This paper analyzes the effects of capital income taxation on the current, account, nothing the difference between two international tax rules: the residence principle and the source principle. An increase in the residence tax rate reduces foreign asset holdings in the long run and creates a current account dificit. On the other land, an increase in the source tax rate increases long-run foreign asset holdings. Because the King-Fullerton (1984) effective tax rate responds positively to the increase in both taxes, it does not predit the effects of taxation on the direction of international capital investments.
This paper evaluates the economic impact of recent tax reforms conducted in Japan. Due to widespread tax exemption or separate tax provisions for capital income, Japan's tax system was close to the tax-prepayment approach to expenditure taxation before the reforms. The introduction of the consumption tax can be interpreted as an attempt to smooth the stream of revenue by moving to the qualified approach. Elements of the capital income tax reforms reduced the unevenness of tax burdens on assets. However, the reforms of capital income taxes are inconsistent with the qualified approach.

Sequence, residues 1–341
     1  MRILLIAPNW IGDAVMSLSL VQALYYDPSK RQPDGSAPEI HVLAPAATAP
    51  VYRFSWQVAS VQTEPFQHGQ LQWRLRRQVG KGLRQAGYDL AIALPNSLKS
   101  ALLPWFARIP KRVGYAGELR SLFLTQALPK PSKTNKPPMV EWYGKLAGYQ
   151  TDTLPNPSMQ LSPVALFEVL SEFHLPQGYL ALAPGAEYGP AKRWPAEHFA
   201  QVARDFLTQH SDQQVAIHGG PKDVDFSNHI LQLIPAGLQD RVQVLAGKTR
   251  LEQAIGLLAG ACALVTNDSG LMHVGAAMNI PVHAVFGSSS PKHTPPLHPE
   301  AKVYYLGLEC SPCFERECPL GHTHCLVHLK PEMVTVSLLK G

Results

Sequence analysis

This paper is an empirical study of the effects of Japansese corporate tax on Japanese direct investment behaviour. The Japanese corporate tax burden is discussed in the light of its impact on overseas capital movements. The marginal effective tax rate rose during the 1980s. Using annual data from 1977 to 1987, the paper estimates the Japanese direct investment abroad (DIA) equation, which has a tax variable, into a list of explanatory variables. It is shown that a higher cost of capital or tax wedge increases direct investment outflows by parent company transfer. However, due to a lack of data, DIA with retained earnings cannot be analysed.
This paper derives the optimal commodity tax rule in the presence of pure profit in a setting with many consumers and many firms. The optimal rule depends upon the distributional characteristics of not only commodity consumption but also production activity.